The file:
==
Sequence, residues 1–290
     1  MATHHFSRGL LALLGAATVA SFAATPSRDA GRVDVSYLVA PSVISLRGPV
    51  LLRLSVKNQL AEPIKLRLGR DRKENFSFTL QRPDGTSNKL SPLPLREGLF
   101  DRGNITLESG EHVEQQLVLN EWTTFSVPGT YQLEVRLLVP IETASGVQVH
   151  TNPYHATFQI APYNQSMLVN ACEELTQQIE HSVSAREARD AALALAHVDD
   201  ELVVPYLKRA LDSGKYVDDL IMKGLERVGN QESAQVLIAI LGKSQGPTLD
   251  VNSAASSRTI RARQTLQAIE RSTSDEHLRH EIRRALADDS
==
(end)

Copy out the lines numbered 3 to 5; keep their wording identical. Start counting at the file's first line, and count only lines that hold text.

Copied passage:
    51  LLRLSVKNQL AEPIKLRLGR DRKENFSFTL QRPDGTSNKL SPLPLREGLF
   101  DRGNITLESG EHVEQQLVLN EWTTFSVPGT YQLEVRLLVP IETASGVQVH
   151  TNPYHATFQI APYNQSMLVN ACEELTQQIE HSVSAREARD AALALAHVDD